What can your beer coaster do for you? Can it tell when your thirsty? Can it order another drink for you? Well now, maybe it can.Andrea Butz at the University of Munich, and Michael Schmitz from Saarland University in Germany have invented a new pressure sensitive beer coaster which can tell how full a glass is. When the container is almost empty, it sends a radio signal to a computer behind the bar alerting the bartender to the situation.The invention of this automatic drink coaster opens up speculations as to the nature of drinking in the future. Will there be robotic waiters rolling around pubs, dispensing automatically mixed drinks from a tube in their side? Is the bartender itself as a profession in danger? And will any of this actually improve the bar room experience?.
On one hand, automation of the bar would make the establishment more efficient. Drinks would be served quicker, prices would be lower, and when it's a robot serving you, you don't have to leave a tip. Further, an automated bar would initially be a very entertaining novelty. However as the charm wore off and equipment repairs began to eat away at profits causing prices to rise, the initial benefits of such a situation would have to be reevaluated.Atomization of a bar also removes an important component of the social aspect of drinking out.
If you want the most efficient drinking experience possible, you can simply stay home, mix up a vat of your favorite liquor, and leave it in the fridge for refills whenever necessary. The reason people go out, is because they want to interact with others. The bartender is the ringmaster of the social world within the bar, facilitating relationships, and opening lines of communication. This is something that is not possible for a robot to accomplish.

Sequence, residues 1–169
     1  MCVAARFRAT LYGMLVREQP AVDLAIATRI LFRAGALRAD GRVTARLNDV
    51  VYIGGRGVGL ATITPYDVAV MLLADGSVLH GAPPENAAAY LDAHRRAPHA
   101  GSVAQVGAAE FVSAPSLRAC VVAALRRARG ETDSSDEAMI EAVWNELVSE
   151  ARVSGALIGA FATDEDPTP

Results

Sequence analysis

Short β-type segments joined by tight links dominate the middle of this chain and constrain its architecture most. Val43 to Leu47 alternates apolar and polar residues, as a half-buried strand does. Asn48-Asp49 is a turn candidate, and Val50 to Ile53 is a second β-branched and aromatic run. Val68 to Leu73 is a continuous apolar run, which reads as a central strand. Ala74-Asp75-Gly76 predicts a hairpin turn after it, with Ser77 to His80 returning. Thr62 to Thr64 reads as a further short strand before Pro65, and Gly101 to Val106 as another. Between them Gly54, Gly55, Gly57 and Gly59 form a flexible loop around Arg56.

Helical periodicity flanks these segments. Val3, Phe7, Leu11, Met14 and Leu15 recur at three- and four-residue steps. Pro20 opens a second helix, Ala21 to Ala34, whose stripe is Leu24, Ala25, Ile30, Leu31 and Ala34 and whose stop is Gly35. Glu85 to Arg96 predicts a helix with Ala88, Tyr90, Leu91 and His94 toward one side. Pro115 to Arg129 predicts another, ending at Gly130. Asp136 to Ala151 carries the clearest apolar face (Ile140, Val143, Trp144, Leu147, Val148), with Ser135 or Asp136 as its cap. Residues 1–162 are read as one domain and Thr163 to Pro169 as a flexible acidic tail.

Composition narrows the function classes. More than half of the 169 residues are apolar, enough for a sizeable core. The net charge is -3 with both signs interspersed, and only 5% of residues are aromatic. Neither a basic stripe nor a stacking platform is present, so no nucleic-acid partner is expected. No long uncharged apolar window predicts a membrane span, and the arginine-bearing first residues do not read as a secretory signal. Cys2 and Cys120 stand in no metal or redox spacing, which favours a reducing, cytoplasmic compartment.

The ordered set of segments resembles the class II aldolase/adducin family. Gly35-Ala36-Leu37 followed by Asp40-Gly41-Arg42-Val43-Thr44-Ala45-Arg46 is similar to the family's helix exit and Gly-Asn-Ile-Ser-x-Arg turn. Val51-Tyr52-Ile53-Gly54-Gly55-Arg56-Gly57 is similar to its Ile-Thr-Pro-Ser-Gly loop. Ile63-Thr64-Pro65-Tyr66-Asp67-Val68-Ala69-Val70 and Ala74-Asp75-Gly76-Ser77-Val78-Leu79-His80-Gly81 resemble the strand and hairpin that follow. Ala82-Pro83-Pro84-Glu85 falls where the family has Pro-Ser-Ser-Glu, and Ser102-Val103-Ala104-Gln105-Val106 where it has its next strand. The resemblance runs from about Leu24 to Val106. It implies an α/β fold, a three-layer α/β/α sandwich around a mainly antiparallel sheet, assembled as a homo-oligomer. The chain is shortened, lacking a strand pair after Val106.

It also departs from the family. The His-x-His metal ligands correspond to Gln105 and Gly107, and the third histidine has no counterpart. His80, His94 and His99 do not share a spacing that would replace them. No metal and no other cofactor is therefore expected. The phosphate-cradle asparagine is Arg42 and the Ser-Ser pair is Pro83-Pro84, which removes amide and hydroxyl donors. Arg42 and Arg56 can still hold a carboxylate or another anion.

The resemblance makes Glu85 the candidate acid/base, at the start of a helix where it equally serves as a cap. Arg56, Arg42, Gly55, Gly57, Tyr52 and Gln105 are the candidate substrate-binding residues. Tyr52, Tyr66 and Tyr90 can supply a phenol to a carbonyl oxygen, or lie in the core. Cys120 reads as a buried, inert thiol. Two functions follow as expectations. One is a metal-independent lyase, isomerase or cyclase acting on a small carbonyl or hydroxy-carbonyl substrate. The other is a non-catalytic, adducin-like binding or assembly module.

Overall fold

An interesting aspect of this new drink coaster is that it seems not to be replacing the bartender, but instead to be increasing his efficiency. In this way the future may not be an army of robot waiters, but a small team of highly efficient, technologically assisted humans, hand crafting each drink personally, and testing it against electronic quality testers, serving them through semi automatic dispenser, and being alerted whenever a refill is necessary. In this way technology would help bartenders, instead of replacing them.
The automatic bar is still quite a ways off as each of these drink coasters cost roughly $100 to manufacture. Even though the price will go down when mass produced, it is still a lot of money to spend on what is still only a novelty. However as we move into the future, there will be further innovations to the bar experience, and the nature of drinking will be influenced by technology.
The trick is to find a balance between gadgets and humanity that allows us to enjoy the benefits of new inventions, rather then being burdened by them.
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By: Joey Lewitin